WOMEN, FOOD AND CLIMATE CHANGE
The water situation at Okankolo is reported to have worsened of late, as the majority of the boreholes on which the community heavily depends are malfunctioning or have completely dried up.
Following erratic rains over the past three years, not enough water has collected in the boreholes to sustain the community.
Constituency Councillor Joseph Imbili says 75 percent of people in his community get water from boreholes; only 25 percent of the community has access to clean potable water.
Tzu Chi’s long-term humanitarian project first began in 1995 in South Africa. Zulu women were empowered by Tzu Chi volunteers emigrating to the country, spearheading humanitarian projects with sustainable programs such as sewing groups that would later develop into sewing and other vocational skills training centers, as well as vegetarian farms, all of which are by women for women, an encapsulation of what is now goal 5 of the Post-2015 Sustainable Development Goals, to achieve gender equality and empower all women and girls.
Chad: Violence continues to fuel large-scale displacement in Lac region. Suicide attacks on 10 October killed 41 people and wounded 48 at a busy Bagasola market and a refugee camp on the town’s periphery. Over 71,000 people who have been displaced since July face urgent shelter, food, WASH and health needs.
Last weekend Namibia lost against Argentina the last match of its Rugby World Cup adventure.
But Namibia faces another challenge – one that will last long after the rugby boots have been hung up and the pitches cleared. The World Food Programme works with the Namibian government to tackle hunger in the country that, whilst famous for its rugby, also suffers from droughts and flooding – making it a struggle for people to grow and access food.
Here are ten facts about hunger in Namibia.
Charles Kabena, World Vision Malawi
Blantyre, 12 October: In the wake of the food crisis in several countries in Southern Africa, the World Food Programme (WFP) and World Vision Malawi launched the 2015/2016 food relief programme on 9 October 2015. The programme will provide aid to three million Malawians who are experiencing acute food shortage due to the combined effects of a flood and drought experienced in the last growing season.
Harare, 9 October 2015 – The United Nations in Zimbabwe appealed today to humanitarian and development partners for US$ 86 million to urgently fill a shortfall to support 1.5 million people affected by food insecurity in the country. The UN agencies participating in the response to the food insecurity are: FAO, UNICEF, WFP, and WHO.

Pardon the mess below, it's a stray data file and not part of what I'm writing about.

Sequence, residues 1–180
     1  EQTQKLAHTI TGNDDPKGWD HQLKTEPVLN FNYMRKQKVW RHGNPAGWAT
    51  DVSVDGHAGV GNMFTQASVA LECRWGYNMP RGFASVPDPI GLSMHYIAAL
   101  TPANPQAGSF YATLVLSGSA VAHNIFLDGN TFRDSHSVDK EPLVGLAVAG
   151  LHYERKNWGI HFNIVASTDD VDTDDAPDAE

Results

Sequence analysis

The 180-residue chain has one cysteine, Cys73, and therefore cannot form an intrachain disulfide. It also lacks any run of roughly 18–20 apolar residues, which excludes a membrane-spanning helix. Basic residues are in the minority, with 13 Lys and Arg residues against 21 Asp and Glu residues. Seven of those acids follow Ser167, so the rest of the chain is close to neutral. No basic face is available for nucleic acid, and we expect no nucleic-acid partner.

Malawi is facing the worst drought and subsequent food crisis in almost a decade, with UNICEF raising concerns over the potential increase of SAM, especially among children under 5, in the coming months. The State President released an emergency response plan on Monday 21st September, and urged all donors and development partners to do what they can to alleviate the situation.
Un extracto del documento presentado a la Sexta Reunión del Órgano Rector del Tratado Internacional sobre los Recursos Fitogenéticos para la Alimentación y la Agricultura
Las lecciones y recomendaciones de política presentadas a continuación, son parte de un documento presentado en la 6 Reunión del Órgano Rector del Tratado Internacional sobre los Recursos Fitogenéticos para la Alimentación y la Agricultura (TIRFAA). Este documento fue entregado conjuntamente por:
Il s’agit de l’extrait d’un texte soumis à la Sixième Session de l’Organe Directeur du Traité International sur les Ressources Phytogénétiques pour l’Alimentation et l’Agriculture
Les leçons tirées et les recommandations en matière de politiques présentées ci-dessous font partie d’un texte soumis à la 6ième Session de l’Organe Directeur du Traité International sur les Ressources Phytogénétiques pour l’Alimentation et l’Agriculture (TIRPAA). Il s’agit d’une soumission conjointe de la part de :
OXFAM, les Pays-Bas
The rights and technical capacities of indigenous peoples and smallholder farmers are the focus of the three-year global program, ‘Putting lessons into practice: Scaling up People’s Biodiversity Management for Food Security’. The program aims to support farmers to influence policies and institutions on the sustainable use of plant genetic resources for food security in the context of climate change. Around 83,700 households have benefitted to date: including 15,532 primary target households, or 82,400 individuals, 60% of whom were women.